The Centre will have several launch projects which focus on some issues of immediate concern. Each project cuts across several disciplines.
AI and Work
Prof Kevin Fox (Economics); Prof Steve Frenkel (Sociology/Organisational psychology); Dr. Juan Carlos Carbajal (Economics); Dr Sunghoon Kim (Employment Relations/Human Resource Management); and Assoc Prof Amirali Minbashian (Organisational Psychology).
In what sectors of the economy are AI and Robotics being introduced in Australia? How can this selectivity be explained? To what extent is this welcomed or opposed by various groups in Australia? Is this related to particular (mis) conceptions of these new technologies? How can we characterize and model the adoption, use and effectiveness of AI and Robotics? What are the sources and mechanisms that explain the speed of adoption and effectiveness of use? What are the short term and likely longer term consequences of the diffusion of AI and Robotics in Australia? How does the Australian experience compare with other advanced countries? How can similarities and differences be explained? Are there lessons that can be learnt from these comparisons?
The project will consider these issues from the macro (economy/societal level), meso (industry, market segment or sector level) and micro levels (firm, group and individual level).
AI and War
Prof Toby Walsh (CSE); Dr Jai Galliott (ADFA).
What are the moral arguments for and against autonomous weapons? Does international law need to be adjusted to deal with autonomous weapons? If so, how should it be changed? How do we define a concept at the centre of UN discussion like "meaningful human control"? What is a useful definition of the different "levels of autonomy" that a weapon system can have? Should we differentiate between offensive and defensive weapons? How can we support technically the discussions at the UN and elsewhere surrounding autonomous weapons?
More generally, how do we ensure robots behave ethically? What ethical laws should such robots follows? Can a robot learn our ethical values? How do we ensure that they cannot be hacked to behave in undesirable ways? How do we promote less controversial military applications for AI and Robotics like mine clearing? And can we develop a professional code of ethics for researchers themselves working in AI and Robotics?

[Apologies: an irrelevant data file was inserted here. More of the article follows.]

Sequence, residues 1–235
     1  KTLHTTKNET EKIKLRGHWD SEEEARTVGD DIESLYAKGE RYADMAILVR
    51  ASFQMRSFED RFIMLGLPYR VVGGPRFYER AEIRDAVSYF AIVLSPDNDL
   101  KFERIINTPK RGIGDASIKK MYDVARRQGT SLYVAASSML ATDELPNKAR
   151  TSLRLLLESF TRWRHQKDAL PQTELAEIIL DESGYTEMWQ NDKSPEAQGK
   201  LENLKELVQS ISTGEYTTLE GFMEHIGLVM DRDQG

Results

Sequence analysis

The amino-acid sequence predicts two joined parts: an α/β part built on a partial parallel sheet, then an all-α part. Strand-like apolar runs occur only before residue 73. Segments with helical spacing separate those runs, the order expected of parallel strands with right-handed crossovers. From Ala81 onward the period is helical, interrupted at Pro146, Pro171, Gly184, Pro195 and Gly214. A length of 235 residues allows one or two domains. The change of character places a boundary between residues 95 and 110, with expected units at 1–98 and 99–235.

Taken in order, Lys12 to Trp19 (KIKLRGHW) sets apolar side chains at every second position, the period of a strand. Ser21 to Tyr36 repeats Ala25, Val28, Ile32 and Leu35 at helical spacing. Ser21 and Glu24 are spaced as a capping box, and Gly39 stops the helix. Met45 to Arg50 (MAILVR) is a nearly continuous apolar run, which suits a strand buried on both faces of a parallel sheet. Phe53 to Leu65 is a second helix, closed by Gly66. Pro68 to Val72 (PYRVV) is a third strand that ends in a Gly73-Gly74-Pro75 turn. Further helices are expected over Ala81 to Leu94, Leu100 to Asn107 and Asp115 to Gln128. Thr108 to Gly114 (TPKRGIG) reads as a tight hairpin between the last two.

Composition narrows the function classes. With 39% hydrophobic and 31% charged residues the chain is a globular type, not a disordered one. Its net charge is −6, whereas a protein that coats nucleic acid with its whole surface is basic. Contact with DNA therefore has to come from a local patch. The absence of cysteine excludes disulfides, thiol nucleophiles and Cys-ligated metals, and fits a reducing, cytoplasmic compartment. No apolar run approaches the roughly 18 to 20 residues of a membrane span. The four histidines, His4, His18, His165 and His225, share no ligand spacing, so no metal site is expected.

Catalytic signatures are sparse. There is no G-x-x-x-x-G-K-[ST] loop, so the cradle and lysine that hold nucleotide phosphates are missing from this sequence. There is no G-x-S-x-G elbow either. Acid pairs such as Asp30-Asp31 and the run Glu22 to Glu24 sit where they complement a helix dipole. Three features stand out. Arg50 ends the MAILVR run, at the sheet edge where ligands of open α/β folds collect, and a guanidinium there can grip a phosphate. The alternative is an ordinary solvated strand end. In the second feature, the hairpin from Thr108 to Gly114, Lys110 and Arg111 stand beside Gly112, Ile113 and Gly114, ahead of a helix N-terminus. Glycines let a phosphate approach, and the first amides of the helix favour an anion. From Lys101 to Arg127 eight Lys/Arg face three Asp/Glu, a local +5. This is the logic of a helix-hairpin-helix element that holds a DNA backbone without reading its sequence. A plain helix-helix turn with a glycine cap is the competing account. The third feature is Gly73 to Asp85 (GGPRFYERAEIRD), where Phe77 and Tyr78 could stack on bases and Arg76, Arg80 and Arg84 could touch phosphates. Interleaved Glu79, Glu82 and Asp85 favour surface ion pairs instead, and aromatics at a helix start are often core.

AI AND EDUCATION
Kalervo N. Gulson (Environment & Society Network, Arts & Social Sciences), Matthew Kearnes (Environment & Society Network, Arts & Social Sciences), Edward Scheer (Arts & Media, Arts & Social Sciences), Iain Skinner (Electrical Engineering & Telecommunications, Engineering), Andrew Murphie (Arts & Media, Arts & Social Sciences)
Key questions to be asked include (1) what are the new ways of learning based upon machine learning and machine pedagogies? How do we educate an AI system? How is its learning different?; (2) what are the possibilities and challenges for education and education policy by implementing artificial intelligence into instructional and assessment settings? How will robotics (as ‘actors) and AI (as ‘authors’), and the connection to big data, change what we understand as representation in the creative arts?; (3) what are the ethical, economical and biosocial considerations of implementing artificial intelligence into educational organizations; and (4) how does machine learning use ideas from social policy, including policy and value networks, and how can policy analysts use these same ideas?